BadPad – A Demanding Callback to Old-School Platformers

Admittedly, I went into BadPad thinking I wasn’t going to enjoy the game much. I’ve played my share of Super Meat Boy. I know my Metroid. I’m protective over old-school platformers. I don’t need another one in my life. Then the intro started.

Right from the start, BadPad makes sure I know that it isn’t your typical game. A heavy - yet catchy - theme introduced me to the story of a controller's buttons come to life. The bad one, Evil-Pen, has captured the other buttons. It’s up to me to save them.

BadPad then has the audacity to throw me into a boss battle during the opening credits. That’s right - as the game is telling me who worked on it, it is forcing me to fight a boss. It’s very ballsy and I like it.

BadPad Plays Off Of Its Inspirations

Like any old-school platformer worth a play, BadPad has a world map with differing stages to explore and get brutally murdered in over and over again. The stages don't differ too much in aesthetic, but there is variety in what they expect of me. BadPad features the standard obstacles I have come to expect from 2D platformers, and they are presented well. There are spikes to avoid, moving obstacles in my way, enemies to overcome, and wall jumps to make. The levels are well designed and do a good job presenting a challenge. I never felt that the game was too difficult or unfair. Developers Headbang Games and Oray Studios have a great sense of balance between over-the-top-unbeatable-death-trap and too-easy-it-isn’t-even-worth-my-time.

Dying to these obstacles is never a big deal. Respawns are frequent due to a large amount of save systems throughout the levels. Movement is pretty well polished for how early on BadPad is. My actions feel the tiniest bit floaty for now, but a few tweaks and they will be rock-solid. Shortcuts and wrap around paths are also in place. The two dev teams make sure to remove difficulty when it isn’t necessary rather than making every aspect hard just for the sake of being hard.

Not insanely hard, but no walk in the park either. (BadPad)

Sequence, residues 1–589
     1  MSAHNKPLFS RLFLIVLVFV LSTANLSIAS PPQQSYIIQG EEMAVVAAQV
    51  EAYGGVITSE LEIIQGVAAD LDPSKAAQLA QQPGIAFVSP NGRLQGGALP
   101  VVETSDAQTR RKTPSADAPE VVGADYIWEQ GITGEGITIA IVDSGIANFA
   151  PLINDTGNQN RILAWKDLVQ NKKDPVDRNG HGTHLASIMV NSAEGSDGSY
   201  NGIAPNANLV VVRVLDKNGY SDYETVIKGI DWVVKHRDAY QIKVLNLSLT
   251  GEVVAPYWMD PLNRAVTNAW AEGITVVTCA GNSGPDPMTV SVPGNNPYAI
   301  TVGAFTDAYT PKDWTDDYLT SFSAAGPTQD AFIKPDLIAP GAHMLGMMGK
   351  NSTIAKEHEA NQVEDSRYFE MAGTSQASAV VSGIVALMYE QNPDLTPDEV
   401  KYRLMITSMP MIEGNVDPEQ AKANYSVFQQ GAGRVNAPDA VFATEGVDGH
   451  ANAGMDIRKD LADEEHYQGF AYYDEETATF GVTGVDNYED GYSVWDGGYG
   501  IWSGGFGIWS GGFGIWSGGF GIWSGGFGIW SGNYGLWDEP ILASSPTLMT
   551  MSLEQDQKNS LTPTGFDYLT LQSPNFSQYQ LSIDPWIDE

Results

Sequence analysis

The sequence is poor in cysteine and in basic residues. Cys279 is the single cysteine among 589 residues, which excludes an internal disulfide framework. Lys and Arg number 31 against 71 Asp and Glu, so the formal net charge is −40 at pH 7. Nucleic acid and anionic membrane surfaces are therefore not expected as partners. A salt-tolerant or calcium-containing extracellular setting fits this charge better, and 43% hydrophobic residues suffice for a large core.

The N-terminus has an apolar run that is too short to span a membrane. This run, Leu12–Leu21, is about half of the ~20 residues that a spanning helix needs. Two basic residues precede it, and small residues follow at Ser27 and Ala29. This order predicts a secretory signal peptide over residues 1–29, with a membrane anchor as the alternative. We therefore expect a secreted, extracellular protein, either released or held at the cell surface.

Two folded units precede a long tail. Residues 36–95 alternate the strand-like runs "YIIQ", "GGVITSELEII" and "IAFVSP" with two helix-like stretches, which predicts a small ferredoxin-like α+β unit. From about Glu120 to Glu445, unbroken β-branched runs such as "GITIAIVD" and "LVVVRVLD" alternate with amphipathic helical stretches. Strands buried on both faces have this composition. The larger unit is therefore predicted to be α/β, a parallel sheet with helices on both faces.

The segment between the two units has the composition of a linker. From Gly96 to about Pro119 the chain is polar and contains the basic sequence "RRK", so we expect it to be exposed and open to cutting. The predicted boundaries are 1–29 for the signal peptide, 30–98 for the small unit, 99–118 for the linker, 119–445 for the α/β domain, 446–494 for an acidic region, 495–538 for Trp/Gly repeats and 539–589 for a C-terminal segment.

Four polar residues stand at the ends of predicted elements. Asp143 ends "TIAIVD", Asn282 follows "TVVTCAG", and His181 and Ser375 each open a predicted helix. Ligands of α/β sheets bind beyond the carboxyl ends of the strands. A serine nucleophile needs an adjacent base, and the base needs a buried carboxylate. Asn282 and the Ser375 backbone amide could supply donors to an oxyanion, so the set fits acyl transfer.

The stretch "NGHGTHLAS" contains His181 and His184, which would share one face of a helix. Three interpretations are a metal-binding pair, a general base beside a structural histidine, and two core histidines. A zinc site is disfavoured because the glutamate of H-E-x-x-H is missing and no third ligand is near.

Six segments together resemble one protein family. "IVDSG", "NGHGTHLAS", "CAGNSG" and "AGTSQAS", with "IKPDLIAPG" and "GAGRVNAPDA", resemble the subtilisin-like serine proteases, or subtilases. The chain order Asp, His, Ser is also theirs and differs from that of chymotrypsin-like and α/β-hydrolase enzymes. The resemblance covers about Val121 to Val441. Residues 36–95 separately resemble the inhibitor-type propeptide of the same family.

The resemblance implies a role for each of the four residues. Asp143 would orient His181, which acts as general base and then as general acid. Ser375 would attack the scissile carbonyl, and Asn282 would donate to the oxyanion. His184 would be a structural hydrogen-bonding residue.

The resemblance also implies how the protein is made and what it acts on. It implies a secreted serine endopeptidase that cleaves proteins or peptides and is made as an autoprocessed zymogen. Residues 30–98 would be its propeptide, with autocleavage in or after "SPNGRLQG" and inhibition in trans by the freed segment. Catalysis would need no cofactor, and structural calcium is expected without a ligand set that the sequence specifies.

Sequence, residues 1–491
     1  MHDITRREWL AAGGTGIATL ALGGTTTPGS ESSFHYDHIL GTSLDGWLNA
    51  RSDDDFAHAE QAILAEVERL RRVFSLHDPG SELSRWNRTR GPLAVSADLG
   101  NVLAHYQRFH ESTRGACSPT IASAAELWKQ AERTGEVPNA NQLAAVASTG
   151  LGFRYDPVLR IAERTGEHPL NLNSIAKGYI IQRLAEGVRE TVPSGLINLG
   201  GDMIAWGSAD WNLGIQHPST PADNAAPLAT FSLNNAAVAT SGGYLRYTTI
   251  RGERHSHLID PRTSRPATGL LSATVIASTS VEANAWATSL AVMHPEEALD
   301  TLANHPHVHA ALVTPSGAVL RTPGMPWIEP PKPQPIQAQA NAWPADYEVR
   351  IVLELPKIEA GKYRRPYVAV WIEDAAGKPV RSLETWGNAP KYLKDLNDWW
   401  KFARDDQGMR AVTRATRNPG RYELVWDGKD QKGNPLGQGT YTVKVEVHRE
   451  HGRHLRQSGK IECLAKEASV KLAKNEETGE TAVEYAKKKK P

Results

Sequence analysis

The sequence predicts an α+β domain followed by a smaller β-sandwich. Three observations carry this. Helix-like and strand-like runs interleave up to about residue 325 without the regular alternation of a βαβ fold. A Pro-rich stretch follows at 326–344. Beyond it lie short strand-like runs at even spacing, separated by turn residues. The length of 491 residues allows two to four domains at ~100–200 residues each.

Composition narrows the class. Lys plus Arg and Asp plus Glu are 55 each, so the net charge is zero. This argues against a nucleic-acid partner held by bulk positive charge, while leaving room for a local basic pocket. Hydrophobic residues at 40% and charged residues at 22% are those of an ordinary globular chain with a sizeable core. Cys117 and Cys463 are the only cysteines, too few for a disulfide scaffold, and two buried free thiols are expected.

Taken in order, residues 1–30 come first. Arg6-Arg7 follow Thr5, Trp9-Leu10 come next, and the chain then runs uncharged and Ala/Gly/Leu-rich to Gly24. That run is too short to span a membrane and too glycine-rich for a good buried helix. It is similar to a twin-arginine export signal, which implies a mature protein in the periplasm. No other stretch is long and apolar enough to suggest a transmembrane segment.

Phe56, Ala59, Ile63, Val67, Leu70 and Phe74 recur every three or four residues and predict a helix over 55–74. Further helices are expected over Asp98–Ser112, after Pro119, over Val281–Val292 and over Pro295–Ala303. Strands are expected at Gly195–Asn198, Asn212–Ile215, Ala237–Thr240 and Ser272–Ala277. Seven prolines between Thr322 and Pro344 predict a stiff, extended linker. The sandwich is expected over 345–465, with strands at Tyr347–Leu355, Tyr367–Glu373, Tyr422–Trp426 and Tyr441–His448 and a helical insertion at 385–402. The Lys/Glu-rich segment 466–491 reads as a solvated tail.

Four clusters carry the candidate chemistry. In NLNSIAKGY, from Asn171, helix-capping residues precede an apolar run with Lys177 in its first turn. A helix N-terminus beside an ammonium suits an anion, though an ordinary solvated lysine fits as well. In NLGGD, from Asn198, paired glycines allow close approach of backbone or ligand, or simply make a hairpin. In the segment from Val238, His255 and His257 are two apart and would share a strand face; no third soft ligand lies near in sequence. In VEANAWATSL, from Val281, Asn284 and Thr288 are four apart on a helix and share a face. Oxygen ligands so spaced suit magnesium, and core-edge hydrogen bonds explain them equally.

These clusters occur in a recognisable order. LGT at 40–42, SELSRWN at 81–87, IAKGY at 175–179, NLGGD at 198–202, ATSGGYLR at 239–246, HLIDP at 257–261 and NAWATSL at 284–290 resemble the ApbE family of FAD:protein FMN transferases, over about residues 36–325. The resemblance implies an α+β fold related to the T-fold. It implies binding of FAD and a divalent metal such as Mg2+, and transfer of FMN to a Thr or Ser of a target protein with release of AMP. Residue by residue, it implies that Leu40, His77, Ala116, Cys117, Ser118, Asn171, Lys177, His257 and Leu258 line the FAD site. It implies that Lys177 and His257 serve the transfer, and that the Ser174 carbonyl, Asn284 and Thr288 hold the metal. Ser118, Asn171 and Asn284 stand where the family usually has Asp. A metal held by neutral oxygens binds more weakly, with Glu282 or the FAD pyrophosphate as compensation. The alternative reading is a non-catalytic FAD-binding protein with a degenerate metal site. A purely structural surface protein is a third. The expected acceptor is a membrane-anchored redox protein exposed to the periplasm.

Not insanely hard, but no walk in the park either.

Variety Is One Of BadPad's Biggest Strengths

In order to progress through the game, there are multiple arcade machines I have to beat. Featuring classics such as Asteroids or Space Invaders, these asides serve as nice boss battle replacements as well as a break from the normal flow. Don’t expect these to be easy, however. These arcade games are just as challenging as you may remember. Completing them is a must as it allows for further progression into the game. They also provide a real incentive for collectibles. The only way to activate the machines is by having enough coins - and coins must be searched out.

The arcade machines aren’t in the absence of traditional boss fights. The main one in the demo shows up a few times. Each scenario is a little different than the last, but they all involve the familiar “dodge the homing attack until you can hit back”. This is an Early Access title, however, and the devs have expressed interest in addressing this in the near future.

BadPad already has all the makings of a good game. A great personality, polished movement, stellar level design, and balanced difficulty all make an appearance. Once the developers work out a few small kinks and vary up the boss fights, they will have a title truly worth any gamers time.

This preview was based on my time with BadPad's demo.

BadPad can be found on Steam and itch.io.

Max Moeller
Max Moeller
Max Moeller has been a gamer for as long as he could hold a controller. He is pretty new to the industry, but is planning to make his mark through writing and blogging about the medium. When not playing or creating content around games he is probably trying to find the next great place to eat near him.
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